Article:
“Well, it is what it is,” Dr. Falkner said, “Follow me, I will show you where you are settling in for a while. Your assignment is to help me in the morgue for a week.”
Samantha quickly put away her cell phone in her purse, picked up her duffle bag and umbrella, and followed Dr. Falkner.
The cold rain was now pouring, adding to her misery. She did not have enough time to cover her head with her hood or open her umbrella. Asphalt quickly dissipated, followed by a gravel road, and then mud as they walked. Samantha had to almost jog to keep up with the tall man as his long legs moved with ease at mere walking speed, his black umbrella bouncing by the wind. As she was walking, she saw a searing and grim scene. At least two large trenches had been dug. Inside were cheap coffins stacked at least three piles deep, and two coffins in length per trench. One trench was completely dug, and the other trench was half completed. A third of the completely dug trench had cheap coffins. Black, wet soil was running down into the trench, covering part of the tops of the coffins. Mud around the perimeter was at least knee high. About ten feet away were several run-down brick buildings, all painted in a faint reddish-orange color without many windows. She followed Dr. Falkner as he entered one of the unmarked buildings.
“This is where you are going to stay for a week. Over here is the morgue where you and I will work during the day, and over there is lodging for you. There is a shower, and a studio with a bed and a small kitchen. You will find some food in the refrigerator there. The building is connected to the prison,” Dr. Falkner said pointing to the places.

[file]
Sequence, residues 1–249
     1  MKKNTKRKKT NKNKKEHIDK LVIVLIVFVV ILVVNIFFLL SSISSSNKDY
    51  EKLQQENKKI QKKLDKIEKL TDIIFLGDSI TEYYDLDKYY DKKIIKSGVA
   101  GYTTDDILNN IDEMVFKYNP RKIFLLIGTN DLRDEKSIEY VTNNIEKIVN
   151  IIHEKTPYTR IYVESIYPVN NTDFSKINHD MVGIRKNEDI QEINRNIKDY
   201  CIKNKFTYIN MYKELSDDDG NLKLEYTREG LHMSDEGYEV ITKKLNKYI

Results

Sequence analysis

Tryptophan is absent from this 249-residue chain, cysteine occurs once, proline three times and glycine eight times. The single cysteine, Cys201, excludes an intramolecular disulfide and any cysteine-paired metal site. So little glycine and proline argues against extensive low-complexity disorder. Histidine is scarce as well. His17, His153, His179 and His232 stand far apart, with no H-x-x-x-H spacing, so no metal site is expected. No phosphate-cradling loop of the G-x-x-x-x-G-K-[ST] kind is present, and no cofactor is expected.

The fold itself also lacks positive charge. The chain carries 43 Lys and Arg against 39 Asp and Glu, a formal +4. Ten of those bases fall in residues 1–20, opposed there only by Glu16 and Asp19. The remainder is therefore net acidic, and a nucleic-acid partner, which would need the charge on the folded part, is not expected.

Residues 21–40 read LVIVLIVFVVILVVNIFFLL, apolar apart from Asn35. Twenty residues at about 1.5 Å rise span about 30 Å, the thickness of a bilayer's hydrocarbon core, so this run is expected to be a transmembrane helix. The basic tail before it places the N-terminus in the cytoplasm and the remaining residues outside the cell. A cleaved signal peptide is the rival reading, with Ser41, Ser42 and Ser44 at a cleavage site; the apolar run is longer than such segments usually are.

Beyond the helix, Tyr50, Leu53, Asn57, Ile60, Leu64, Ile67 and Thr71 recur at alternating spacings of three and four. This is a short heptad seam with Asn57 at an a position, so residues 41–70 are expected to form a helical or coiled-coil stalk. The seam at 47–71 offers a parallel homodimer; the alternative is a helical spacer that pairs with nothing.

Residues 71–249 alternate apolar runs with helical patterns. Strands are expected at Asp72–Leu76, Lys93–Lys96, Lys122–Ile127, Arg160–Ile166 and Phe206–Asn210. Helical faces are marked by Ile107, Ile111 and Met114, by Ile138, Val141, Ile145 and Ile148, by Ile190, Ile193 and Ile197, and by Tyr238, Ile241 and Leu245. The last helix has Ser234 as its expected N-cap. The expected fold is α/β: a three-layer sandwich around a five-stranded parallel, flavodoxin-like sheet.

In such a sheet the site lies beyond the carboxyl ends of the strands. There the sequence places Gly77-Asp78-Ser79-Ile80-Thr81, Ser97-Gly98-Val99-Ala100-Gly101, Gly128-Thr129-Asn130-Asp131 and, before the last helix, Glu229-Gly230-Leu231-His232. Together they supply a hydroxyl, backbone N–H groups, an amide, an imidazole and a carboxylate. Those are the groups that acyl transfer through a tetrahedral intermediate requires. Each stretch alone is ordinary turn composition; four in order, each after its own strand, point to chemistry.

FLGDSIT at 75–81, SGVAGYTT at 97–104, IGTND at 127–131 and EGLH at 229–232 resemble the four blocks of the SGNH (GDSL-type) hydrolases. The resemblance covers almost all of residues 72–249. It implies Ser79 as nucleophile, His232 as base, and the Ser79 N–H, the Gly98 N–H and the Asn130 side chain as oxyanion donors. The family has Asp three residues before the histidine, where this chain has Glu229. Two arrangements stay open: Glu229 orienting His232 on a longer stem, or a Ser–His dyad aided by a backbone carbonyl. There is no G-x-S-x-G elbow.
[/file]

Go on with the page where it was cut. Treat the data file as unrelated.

“Where are you staying?”
“I am not staying here. I will be commuting from Long Island. I will be coming with bodies in a boat everyday about this time. The problem is, I was staying here when I could not catch the boat back but since you are a girl, I cannot stay here.”
Samantha now understood why she was problematic for him. “What will we be doing in the morgue?”
“We will be doing a partial autopsy. Other than that, we will count, identify and tag the bodies. We will be documenting the names, the origin of the hospital the bodies came from, and cataloging the specifics of the dead, among other things. Your job is to help me. Like any other day, I came with a lot of bodies from New York City today and we have our work cut out for us. Get yourself together, change and come out. You will need to gear up to protect yourself. I will meet you here in five minutes.”
Samantha quickly went into the studio, which was attached to the morgue merely by one door. It looked rather gloomy with just bare essentials; a twin-size bed, a small desk, a rotary phone, not really a kitchen, but a two-coiled electric stove on a kitchen table, and a small refrigerator with a freezer on top. She did not have the time to open it to see what was inside there. She put her belongings on top of the bed. She saw that she had a lock from inside the door, which made her feel somewhat relieved. She quickly left to gear up.
Dr. Falkner was almost done putting on his space jumpsuit gown, attached by a tube sticking out toward the back, and a N95 mask, bonnet, face shield, shoe covers, and double gloves. He looked like a person who was about to walk on the moon.